Kuwait: Free Speech and Assembly Under Attack
Some Protections Promised for Non-Citizens
(Kuwait City, January 31, 2011) – Kuwait carried out a major crackdown on freedom of expression and assembly during 2010, Human Rights Watch said today, in issuing its World Report 2011.
The 649-page report, the organization’s 21st annual review of human rights practices around the globe, summarizes major human rights issues in more than 90 countries worldwide. During 2010, the government tightened restrictions on public gatherings and began using violent methods of enforcement, Human Rights Watch said. Kuwait should allow activists to assemble peacefully and halt both state security cases and criminal defamation prosecutions against peaceful political activists, Human Rights Watch said.
“This year, Kuwait’s government grew more and more comfortable harassing Kuwaitis who dared criticize the government,” said Sarah Leah Whitson, Middle East director at Human Rights Watch. “Watching what’s happening in the streets of Egypt and Tunisia, the Kuwaiti government should think long and hard about depriving people of their basic human rights to free speech and assembly.”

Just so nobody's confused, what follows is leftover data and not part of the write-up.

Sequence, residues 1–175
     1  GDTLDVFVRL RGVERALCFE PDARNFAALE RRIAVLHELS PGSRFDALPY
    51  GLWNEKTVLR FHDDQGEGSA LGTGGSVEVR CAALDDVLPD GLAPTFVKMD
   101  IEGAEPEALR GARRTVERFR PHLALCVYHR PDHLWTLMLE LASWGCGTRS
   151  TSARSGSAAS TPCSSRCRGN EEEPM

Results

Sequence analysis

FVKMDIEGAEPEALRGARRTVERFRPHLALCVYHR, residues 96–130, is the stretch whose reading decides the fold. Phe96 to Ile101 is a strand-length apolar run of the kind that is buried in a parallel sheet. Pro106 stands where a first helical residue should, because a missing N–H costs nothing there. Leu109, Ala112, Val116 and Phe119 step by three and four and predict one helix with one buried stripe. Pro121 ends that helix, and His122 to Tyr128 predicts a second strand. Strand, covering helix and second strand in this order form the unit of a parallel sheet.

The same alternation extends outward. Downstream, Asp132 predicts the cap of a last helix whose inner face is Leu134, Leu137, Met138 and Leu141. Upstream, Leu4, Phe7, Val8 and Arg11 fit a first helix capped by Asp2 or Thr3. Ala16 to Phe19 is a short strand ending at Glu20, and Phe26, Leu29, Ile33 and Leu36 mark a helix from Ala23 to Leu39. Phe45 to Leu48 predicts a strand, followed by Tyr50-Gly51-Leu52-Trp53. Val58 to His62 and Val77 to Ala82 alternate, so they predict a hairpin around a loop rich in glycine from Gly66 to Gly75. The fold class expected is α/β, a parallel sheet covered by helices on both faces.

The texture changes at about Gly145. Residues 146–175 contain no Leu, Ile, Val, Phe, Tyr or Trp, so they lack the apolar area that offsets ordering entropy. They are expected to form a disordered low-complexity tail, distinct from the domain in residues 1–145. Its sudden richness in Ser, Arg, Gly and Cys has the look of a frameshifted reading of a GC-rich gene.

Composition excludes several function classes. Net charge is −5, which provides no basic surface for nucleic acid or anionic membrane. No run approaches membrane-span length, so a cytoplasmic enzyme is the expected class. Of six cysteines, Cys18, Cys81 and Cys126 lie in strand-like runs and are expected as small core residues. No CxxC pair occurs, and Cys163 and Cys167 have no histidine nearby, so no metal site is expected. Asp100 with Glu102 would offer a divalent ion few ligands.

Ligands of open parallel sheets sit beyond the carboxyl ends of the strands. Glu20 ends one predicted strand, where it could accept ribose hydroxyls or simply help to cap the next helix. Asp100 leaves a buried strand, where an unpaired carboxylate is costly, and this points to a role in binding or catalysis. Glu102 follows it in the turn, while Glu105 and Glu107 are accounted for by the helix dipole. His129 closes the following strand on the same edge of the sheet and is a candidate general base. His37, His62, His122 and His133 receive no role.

In April, government security agents arrested and summarily deported over 30 Egyptian residents who had gathered in a local café to discuss support for the Egyptian reform advocate Mohammed El Baradei.
In September, the interior ministry issued a decision banning public gatherings without prior approval. The ministry later said this ban included a prohibition on outdoor gatherings, in particular gatherings outside of diwaniyas, or traditional discussion salons held in private homes that occur almost daily in Kuwait. Local civil society activists criticized the decision as an unduly burdensome restriction of their freedom to peacefully assemble.